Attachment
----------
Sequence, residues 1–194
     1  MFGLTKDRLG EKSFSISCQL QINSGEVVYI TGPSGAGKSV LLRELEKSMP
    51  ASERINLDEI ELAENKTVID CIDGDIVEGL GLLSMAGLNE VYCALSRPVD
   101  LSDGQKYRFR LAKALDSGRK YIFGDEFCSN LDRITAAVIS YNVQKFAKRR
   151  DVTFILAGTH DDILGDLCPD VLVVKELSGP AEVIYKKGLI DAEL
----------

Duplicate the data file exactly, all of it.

Sequence, residues 1–194
     1  MFGLTKDRLG EKSFSISCQL QINSGEVVYI TGPSGAGKSV LLRELEKSMP
    51  ASERINLDEI ELAENKTVID CIDGDIVEGL GLLSMAGLNE VYCALSRPVD
   101  LSDGQKYRFR LAKALDSGRK YIFGDEFCSN LDRITAAVIS YNVQKFAKRR
   151  DVTFILAGTH DDILGDLCPD VLVVKELSGP AEVIYKKGLI DAEL